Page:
If you’ve done the Leeds and Readings of the festival circuit and are fed up with teens in hot pants watching the weekend through their mobile phones and are looking for a smaller, much more eco festival, then Galtres in North Yorkshire should be right up your street.
What’s fantastic about this little gem on the summer festival line up is that it’s not just a music festival; it’s a beer and cider festival – bringing you the best local ales and apples to try over the weekend. The festival treats you like a real adult, giving you a real glass to use throughout your time at Galtres – and take home when the festivities are over!
Cider aside, you’ll not be short of talented musicians as the festival has a hot line up of national and local bands ready for you to rock away to. Without further ado, we caught up with James, festival organiser extraordinaire, to talk about Galtres festival, it’s eco credentials and what’s not to be missed at the Festival.
Your festival started out the back of a pub! How have you managed its growth?
Carefully – we’re well aware of the festivals which have been seduced by the smell of opportunity, grown too fast, and imploded. We’ve grown steadily, focussing more on developing a strong community of musicians, artists and supporters around the event, than on simply booking famous acts and trying to sell loads of tickets. We have a strong core, and a lot of people willing to work for next to nothing to make it good. This has largely been achieved by sticking to our core values – good local food and drink from local suppliers, supporting talented emerging musicians and performers, donating profits to charity, and working to reduce our carbon footprint.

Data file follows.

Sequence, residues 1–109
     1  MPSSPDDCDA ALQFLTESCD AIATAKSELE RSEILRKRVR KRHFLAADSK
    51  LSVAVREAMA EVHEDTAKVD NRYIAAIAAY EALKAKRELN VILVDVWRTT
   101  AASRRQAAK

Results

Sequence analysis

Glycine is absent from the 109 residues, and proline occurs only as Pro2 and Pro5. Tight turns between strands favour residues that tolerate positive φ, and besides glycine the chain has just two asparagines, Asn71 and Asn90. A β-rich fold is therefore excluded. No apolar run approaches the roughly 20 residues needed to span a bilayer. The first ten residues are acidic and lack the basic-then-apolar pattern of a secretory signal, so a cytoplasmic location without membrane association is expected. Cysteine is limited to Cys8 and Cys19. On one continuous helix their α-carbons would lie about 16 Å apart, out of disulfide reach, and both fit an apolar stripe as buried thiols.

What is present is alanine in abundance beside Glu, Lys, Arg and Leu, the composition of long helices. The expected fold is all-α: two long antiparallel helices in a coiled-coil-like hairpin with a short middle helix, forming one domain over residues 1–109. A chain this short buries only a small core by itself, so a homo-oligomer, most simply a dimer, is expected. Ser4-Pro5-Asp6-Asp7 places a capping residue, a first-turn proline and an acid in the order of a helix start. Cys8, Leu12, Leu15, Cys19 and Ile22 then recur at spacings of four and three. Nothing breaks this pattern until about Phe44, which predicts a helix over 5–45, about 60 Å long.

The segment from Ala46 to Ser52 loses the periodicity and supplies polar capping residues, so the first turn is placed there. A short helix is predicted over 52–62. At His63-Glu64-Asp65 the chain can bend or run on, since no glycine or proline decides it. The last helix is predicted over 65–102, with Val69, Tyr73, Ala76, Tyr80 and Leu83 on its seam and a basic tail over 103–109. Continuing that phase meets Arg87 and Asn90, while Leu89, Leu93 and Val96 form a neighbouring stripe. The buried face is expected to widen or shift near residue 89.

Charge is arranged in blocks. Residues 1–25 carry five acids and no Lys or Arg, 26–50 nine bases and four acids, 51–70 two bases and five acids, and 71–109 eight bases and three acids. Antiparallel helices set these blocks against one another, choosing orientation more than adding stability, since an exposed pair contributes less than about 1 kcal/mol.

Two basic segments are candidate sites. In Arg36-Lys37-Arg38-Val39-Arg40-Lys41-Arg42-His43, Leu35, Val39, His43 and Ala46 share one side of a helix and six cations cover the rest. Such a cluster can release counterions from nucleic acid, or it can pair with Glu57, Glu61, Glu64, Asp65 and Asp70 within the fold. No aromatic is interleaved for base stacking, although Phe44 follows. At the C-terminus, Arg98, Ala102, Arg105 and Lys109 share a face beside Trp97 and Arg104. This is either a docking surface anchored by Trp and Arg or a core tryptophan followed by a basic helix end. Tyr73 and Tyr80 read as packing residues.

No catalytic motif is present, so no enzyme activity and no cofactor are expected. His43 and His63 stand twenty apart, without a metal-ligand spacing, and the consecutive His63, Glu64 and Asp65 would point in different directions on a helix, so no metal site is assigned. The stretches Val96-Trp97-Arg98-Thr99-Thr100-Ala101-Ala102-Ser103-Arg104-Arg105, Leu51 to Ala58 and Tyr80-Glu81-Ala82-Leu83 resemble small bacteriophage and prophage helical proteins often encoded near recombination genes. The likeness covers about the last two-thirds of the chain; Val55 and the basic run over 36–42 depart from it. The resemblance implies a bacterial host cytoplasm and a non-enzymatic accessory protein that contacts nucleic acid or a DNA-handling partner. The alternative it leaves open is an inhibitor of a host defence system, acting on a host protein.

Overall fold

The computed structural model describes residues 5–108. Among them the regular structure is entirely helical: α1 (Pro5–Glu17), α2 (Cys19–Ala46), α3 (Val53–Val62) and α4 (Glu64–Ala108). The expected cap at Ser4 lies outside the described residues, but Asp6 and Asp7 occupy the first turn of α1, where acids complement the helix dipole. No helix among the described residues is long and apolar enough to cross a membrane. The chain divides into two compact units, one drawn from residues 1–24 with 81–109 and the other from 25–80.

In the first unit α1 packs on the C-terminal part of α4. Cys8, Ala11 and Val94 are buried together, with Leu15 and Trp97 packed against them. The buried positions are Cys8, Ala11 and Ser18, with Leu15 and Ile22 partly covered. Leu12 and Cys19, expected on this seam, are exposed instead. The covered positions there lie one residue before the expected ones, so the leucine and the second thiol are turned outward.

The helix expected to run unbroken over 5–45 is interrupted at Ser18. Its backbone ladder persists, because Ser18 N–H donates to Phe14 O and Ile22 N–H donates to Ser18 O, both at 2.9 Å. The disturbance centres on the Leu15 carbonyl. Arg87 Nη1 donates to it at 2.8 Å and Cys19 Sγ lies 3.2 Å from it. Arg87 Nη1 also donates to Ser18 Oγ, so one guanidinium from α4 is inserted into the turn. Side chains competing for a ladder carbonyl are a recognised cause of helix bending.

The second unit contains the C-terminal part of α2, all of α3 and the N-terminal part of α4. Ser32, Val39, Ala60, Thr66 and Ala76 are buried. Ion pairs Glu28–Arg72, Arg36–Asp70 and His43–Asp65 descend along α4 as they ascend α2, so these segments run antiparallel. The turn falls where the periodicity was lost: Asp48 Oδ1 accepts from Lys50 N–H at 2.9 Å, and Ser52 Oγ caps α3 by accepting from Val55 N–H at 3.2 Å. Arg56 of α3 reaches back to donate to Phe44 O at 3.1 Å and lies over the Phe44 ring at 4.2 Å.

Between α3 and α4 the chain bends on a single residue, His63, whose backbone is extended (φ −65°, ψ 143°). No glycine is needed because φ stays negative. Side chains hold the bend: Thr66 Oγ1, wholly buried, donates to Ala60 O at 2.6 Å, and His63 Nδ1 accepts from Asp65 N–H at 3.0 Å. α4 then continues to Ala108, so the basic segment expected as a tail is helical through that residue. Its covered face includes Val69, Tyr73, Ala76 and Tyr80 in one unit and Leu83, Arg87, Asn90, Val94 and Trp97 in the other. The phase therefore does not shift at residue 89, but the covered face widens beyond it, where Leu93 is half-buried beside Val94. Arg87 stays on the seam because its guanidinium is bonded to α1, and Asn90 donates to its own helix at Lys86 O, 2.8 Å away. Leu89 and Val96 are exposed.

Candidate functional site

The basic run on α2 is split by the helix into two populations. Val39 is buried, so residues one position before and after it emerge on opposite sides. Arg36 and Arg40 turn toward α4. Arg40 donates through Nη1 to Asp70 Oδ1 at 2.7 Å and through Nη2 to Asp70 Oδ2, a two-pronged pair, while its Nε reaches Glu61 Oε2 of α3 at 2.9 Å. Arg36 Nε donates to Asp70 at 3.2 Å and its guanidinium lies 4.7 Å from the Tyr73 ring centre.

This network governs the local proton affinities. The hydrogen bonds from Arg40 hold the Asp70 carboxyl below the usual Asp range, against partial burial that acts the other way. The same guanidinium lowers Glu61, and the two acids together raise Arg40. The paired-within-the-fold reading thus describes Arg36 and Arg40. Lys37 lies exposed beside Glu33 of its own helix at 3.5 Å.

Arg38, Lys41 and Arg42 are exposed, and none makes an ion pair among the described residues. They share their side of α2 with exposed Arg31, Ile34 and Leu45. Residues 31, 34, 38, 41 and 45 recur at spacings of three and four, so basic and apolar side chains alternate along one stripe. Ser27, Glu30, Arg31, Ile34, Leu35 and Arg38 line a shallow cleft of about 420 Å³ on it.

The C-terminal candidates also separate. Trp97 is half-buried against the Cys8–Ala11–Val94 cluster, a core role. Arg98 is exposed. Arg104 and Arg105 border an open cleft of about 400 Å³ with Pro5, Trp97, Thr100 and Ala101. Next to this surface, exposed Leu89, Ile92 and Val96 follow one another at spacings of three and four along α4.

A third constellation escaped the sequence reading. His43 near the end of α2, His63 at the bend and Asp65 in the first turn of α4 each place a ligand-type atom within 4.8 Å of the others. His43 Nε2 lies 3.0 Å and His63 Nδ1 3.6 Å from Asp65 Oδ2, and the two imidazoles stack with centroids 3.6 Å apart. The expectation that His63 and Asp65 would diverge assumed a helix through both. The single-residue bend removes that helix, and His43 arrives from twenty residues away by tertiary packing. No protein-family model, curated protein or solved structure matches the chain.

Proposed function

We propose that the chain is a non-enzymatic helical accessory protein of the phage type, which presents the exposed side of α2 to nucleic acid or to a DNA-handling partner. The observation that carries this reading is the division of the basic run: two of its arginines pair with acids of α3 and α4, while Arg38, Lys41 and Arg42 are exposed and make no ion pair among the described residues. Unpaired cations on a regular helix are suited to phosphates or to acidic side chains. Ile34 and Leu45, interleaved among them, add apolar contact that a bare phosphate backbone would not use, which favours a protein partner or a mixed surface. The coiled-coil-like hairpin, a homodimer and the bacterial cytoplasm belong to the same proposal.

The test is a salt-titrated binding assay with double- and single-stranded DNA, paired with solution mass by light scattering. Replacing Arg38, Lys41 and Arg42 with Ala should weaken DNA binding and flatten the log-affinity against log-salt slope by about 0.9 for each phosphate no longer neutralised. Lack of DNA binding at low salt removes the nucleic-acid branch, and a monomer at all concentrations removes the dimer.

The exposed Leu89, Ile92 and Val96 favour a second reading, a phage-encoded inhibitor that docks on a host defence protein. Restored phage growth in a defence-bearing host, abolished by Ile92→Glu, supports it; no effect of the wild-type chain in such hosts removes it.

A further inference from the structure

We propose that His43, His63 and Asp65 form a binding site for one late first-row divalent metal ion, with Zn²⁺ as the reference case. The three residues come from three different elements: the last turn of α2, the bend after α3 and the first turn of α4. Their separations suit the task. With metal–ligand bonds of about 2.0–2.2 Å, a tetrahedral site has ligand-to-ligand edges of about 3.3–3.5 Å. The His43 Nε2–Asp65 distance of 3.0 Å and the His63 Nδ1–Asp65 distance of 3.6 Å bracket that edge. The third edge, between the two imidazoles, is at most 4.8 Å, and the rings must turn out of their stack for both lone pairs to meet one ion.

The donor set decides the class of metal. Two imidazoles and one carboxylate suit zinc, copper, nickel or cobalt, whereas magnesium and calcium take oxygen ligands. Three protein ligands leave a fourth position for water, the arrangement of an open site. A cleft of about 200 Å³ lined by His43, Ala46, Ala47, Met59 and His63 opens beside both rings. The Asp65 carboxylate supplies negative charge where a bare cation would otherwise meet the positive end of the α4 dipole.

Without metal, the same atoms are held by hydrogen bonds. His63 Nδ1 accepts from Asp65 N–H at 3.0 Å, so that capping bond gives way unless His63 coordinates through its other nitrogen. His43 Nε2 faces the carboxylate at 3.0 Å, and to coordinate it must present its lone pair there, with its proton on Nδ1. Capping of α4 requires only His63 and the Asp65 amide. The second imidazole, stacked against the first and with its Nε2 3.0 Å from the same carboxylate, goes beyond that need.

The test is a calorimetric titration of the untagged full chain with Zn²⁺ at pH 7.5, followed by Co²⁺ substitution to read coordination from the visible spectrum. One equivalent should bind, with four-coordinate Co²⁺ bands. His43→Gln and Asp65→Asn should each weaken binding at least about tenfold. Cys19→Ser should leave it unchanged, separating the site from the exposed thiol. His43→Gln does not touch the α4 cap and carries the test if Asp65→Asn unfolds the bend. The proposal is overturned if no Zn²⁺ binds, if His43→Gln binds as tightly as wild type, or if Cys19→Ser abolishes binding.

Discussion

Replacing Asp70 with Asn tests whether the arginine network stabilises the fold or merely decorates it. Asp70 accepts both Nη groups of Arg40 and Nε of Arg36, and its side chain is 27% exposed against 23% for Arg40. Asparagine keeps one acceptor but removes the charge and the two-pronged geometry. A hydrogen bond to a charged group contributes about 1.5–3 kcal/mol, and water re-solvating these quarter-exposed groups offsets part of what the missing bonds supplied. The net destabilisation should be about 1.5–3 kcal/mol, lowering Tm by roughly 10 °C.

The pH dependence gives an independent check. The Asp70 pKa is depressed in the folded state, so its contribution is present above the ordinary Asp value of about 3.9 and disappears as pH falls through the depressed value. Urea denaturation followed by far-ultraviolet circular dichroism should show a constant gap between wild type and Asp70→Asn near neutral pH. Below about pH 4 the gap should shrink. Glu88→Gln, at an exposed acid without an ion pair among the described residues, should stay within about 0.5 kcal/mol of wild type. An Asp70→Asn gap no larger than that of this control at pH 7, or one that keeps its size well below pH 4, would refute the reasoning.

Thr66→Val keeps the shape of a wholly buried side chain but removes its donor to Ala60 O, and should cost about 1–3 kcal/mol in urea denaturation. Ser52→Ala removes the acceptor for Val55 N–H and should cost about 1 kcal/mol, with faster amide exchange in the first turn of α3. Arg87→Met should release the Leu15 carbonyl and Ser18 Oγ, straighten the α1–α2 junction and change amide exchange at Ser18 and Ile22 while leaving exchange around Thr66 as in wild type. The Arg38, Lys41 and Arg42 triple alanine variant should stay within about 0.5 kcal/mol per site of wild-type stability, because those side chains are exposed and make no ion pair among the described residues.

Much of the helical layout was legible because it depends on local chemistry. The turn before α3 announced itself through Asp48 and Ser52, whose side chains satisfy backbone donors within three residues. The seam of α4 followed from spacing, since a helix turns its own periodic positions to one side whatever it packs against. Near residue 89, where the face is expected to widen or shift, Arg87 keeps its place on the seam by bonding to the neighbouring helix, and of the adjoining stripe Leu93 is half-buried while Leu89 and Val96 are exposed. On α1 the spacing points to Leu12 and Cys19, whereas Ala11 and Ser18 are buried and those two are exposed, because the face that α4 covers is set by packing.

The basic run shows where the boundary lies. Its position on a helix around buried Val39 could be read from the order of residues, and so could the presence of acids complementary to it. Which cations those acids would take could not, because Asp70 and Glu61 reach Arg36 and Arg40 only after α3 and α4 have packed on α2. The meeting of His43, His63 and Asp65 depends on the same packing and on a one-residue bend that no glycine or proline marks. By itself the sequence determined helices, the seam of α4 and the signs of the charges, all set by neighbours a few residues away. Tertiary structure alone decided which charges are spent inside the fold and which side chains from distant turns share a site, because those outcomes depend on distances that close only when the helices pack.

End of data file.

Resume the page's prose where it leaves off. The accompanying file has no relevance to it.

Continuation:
Also on a personal level I like to get stuck in and be involved in all areas of the event – from choosing beers and bands to writing the programme. A larger event would leave me managing a business, or managing a contract with an events company – and that’s not what interests me. Limiting our event to around 5000 people means we can run it ourselves and enjoy it.
Can you ever see the festival being 100% carbon neutral?
We would love it to be, but it’s hard to be able to truly claim that 100% figure. The August Bank Holiday is not known for its hot sunshine (!), so solar heating for our showers will always have to be backed up by another power source. Similarly until technology improves we will always need to have a diesel generator backup. It’s possible but hard to guarantee.
The biggest factor of course is carbon emissions from cars carrying people to the festival, and there’s only so much we can do about that. We lay on excellent and frequent buses, connecting with trains, and provide good information about public transport – and a lot of people use them – but it’s especially hard for families with small children to arrive on buses with all their camping equipment.
We do our best to minimise delivery miles, facilitating for example the various small breweries who supply our beer to share delivery and collection. Similarly all our cider is collected by single operator.
What are the greenest steps the festival has taken?